University of Iowa Hospitals and Clinics

News Article

UI Vision Researchers Receive $1.6 Million from Foundation Fighting Blindness

Researchers in the Department of Ophthalmology and Visual Sciences at the University of Iowa Roy J. and Lucille A. Carver College of Medicine have received a five-year, $1.6 million grant from the Foundation Fighting Blindness.

The funding will support the Research Center for the Study of Retinal Degeneration, which is part of the UI Institute for Vision Research. Edwin Stone, MD, PhD, the Seamans-Hauser Chair in Molecular Ophthalmology, director of the UI Institute for Vision Research and a Howard Hughes Medical Institute investigator, is the principal investigator for the grant.

Stone and colleagues will focus on identifying new causes of inherited retinal disease and exploring the mechanism and course of the diseases.

"In order to develop a new treatment, and prove that it works, we need to understand the cause of the disease, as well as its behavior over time, at the molecular, cell, tissue, animal and human levels," Stone explained. "This funding from the Foundation Fighting Blindness will allow us to vigorously pursue our overall mission of finding cures for blindness through basic and clinical research."

Stone will lead researchers seeking to identify new genes involved in inherited eye diseases. Using a variety of DNA genotyping technologies, the team will look for new photoreceptor degeneration associated genes. This type of cell damage occurs in eye conditions ranging from the most common human retinal disease -- age-related macular degeneration (AMD) -- to extremely rare conditions that affect only a few thousand people worldwide, such as Leber Congenital Amaurosis.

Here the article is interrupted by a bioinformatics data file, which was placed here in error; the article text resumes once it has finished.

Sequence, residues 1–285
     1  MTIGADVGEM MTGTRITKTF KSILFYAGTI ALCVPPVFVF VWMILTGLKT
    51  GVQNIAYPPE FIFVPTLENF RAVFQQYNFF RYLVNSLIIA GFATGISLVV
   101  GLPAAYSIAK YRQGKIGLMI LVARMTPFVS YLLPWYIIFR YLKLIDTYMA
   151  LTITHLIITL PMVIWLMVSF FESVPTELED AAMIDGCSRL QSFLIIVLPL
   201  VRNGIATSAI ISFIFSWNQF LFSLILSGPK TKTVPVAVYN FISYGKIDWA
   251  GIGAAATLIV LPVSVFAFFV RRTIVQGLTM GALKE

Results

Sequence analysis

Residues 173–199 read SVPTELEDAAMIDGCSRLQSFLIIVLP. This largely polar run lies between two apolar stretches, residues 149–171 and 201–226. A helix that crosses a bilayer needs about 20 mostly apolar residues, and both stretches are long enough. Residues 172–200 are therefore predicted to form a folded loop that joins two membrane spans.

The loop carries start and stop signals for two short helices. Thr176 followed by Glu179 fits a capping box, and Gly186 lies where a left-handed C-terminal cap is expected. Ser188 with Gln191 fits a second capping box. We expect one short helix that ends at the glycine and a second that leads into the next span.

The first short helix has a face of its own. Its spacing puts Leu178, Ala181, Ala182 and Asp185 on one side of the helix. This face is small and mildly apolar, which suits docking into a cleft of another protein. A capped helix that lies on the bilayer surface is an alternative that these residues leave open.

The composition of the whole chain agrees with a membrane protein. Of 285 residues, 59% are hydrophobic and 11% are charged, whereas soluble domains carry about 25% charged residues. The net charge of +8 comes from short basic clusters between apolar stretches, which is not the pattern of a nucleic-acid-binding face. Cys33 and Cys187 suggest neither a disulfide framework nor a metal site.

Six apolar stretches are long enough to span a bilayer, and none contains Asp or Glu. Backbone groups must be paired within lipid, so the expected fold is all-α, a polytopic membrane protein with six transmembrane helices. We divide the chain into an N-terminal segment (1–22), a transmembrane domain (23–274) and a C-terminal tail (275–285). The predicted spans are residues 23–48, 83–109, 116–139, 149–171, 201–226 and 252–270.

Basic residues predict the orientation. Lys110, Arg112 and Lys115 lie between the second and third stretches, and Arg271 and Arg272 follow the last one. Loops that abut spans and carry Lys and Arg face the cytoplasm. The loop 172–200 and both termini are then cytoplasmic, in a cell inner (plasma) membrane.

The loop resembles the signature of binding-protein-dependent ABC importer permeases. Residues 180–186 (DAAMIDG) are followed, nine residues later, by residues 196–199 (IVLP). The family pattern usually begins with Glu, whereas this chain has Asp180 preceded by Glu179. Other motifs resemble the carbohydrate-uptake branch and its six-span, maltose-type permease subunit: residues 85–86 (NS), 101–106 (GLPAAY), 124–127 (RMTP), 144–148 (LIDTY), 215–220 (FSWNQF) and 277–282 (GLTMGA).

Budd Tucker, PhD, UI assistant professor of ophthalmology and visual sciences, will lead a team focused on the use of induced pluripotent stem cells to model and treat inherited retinal disease. Induced pluripotent stem cells (iPSC) are stem cells generated from a patient's own cells (usually skin cells). These immature cells can be coaxed to develop into retinal tissue allowing researchers to examine at a molecular and cellular level how a patient's genetic mutation affect the retina.

Stephen Russell, MD, UI professor of ophthalmology and visual sciences who holds the Dina J. Schrage Professorship in Macular Degeneration Research, will lead a group analyzing the eyes of patients with AMD, matching physical and functional features of the eyes with genetic patterns obtained from the patients' DNA. The research aims to identify areas of the genome that may hold specific genes that cause AMD or influence the severity of the disease.

"We anticipate that the interdisciplinary, translational studies funded by this grant will continue to advance our understanding and treatments of both common and rare retinal diseases," Stone said.

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